The departure of a freight train from Shanghai to Nanjing on Friday marked the beginning of operations on the new electrified Beijing-Shanghai railway.
Twenty pairs of freight trains will run along the line every day and double-decker container trains will also be in operation at the same time. But the railway will not open for passenger transport in the near future.
The Shanghai Railway Bureau has promised to increase the electric power capacity, in order to have the railway in service for passenger transport as early as possible.
Running through the municipalities of Beijing, Tianjin and Shanghai and provinces of Hebei, Shandong, Anhui and Jiangsu, the 1,464-km Beijing-Shanghai railway links China's two booming economic zones, namely, the Bohai Bay Rim and the Yangtze River Delta, and forms the country's busiest railway corridor.
With a length only 2.2 percent of China's total railway mileage, the Beijing-Shanghai railway will transport 8.9 percent of the total goods and 12.4 percent of the total passengers handled by the country's railway network.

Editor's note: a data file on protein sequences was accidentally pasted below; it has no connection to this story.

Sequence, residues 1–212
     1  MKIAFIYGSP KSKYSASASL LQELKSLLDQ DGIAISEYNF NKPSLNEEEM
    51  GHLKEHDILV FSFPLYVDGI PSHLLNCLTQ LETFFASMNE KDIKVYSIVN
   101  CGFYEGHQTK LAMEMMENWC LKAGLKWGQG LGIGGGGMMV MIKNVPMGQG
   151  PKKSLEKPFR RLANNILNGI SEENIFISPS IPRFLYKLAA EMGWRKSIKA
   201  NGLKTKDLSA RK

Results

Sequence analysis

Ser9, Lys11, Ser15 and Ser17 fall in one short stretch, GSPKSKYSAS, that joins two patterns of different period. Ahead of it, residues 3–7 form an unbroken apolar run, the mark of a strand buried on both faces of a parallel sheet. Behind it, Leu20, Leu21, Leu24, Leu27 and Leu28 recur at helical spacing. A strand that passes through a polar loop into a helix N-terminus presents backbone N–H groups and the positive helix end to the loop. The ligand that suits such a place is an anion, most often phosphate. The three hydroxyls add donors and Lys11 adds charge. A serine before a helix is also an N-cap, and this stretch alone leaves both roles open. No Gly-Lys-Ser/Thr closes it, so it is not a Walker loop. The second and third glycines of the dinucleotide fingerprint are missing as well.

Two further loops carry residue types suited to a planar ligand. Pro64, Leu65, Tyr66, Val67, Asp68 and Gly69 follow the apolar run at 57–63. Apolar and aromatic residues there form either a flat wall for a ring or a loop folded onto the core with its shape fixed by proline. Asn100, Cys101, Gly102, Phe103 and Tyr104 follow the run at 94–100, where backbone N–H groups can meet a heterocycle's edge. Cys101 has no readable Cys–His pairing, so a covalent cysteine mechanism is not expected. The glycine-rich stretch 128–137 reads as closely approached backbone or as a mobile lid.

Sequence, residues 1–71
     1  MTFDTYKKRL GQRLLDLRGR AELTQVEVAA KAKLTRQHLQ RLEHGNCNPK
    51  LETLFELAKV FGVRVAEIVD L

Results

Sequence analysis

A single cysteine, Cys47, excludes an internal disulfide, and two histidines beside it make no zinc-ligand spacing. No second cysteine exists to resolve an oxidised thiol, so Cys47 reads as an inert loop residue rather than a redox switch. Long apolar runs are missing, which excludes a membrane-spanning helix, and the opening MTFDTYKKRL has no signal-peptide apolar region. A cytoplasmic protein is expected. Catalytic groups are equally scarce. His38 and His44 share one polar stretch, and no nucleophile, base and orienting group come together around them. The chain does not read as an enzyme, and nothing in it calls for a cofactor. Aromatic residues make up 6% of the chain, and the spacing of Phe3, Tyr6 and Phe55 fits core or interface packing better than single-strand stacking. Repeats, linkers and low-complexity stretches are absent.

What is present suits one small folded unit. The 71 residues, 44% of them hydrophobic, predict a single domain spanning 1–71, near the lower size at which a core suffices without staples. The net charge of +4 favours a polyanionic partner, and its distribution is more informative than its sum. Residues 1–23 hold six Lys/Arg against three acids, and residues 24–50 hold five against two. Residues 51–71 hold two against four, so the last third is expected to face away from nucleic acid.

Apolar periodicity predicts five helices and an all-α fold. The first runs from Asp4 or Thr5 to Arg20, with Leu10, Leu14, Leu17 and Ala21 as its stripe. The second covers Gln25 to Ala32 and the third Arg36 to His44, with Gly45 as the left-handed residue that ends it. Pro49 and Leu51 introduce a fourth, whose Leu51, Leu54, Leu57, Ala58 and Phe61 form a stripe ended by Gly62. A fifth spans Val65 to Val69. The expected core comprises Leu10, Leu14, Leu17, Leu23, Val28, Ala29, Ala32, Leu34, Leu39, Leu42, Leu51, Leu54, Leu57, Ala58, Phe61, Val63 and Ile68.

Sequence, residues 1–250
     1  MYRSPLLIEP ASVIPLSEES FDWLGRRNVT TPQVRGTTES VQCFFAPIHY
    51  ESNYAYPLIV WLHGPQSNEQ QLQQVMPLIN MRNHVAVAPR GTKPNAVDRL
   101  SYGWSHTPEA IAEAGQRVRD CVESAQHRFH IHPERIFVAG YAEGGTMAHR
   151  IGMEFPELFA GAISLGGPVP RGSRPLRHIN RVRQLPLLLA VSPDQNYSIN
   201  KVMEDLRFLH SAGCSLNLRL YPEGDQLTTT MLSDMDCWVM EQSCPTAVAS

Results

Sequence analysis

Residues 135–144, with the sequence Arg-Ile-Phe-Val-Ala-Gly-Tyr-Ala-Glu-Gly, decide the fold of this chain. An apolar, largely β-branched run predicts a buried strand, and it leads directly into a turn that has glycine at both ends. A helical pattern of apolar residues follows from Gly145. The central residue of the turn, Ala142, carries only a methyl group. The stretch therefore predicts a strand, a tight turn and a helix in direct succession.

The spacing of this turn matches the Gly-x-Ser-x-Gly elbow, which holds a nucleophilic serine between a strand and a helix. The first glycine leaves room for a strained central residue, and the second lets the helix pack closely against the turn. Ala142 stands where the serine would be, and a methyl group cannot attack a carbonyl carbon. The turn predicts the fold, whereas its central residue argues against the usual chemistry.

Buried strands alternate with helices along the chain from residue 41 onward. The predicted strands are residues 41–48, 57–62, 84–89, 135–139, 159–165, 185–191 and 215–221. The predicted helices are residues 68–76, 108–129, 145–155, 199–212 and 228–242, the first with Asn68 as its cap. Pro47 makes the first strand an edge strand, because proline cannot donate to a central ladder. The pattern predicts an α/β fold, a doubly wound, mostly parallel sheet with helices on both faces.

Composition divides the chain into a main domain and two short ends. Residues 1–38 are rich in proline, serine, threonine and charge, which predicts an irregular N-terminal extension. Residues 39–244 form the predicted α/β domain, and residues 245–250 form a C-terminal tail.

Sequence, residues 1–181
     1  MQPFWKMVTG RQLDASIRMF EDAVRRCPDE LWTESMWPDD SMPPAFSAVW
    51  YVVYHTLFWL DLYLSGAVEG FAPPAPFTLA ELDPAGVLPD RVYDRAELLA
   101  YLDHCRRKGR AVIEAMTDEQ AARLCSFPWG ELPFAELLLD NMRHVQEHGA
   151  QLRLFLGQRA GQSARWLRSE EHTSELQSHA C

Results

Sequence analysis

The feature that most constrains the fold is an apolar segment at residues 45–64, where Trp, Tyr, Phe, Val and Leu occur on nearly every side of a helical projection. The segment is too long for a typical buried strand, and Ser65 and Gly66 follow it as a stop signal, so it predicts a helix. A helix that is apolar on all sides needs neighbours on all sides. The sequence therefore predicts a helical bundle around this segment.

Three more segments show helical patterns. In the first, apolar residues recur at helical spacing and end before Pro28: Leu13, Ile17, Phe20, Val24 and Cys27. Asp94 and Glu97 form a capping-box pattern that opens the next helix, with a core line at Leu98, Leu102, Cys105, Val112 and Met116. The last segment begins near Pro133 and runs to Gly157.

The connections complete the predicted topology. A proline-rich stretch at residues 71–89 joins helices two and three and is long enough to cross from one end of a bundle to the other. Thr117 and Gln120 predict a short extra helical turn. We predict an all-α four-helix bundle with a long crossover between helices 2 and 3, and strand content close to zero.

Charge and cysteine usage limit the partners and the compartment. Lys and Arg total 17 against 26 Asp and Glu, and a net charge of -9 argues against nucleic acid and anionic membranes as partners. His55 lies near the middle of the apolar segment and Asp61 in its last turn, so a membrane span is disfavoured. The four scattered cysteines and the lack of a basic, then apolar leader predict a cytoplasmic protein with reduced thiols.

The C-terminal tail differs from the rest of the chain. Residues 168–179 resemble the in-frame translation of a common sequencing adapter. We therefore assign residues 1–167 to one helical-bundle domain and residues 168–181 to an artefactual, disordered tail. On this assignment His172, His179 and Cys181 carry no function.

China also plans to start the construction of a 1,318 km-long high-speed railway between Beijing and Shanghai this year, which will run parallel to the existing Beijing-Shanghai track. The high-speed railway is expected to open for service in 2010.
China now ranks third in the world after Russia and Germany in the length of electrified track.
The Ministry of Railways plans to electrify 6,000 km of track in the 11th Five-Year Guidelines period from 2006 to 2010.
Under the program, China's total railway length is expected to extend from 74,000 to 85,000 km, of which, double tracked route mileage will be 35,000 km, and the electrified track routes will also account for 35,000 km by the year 2010.
(China.org.cn, Xinhua News Agency July 2, 2006)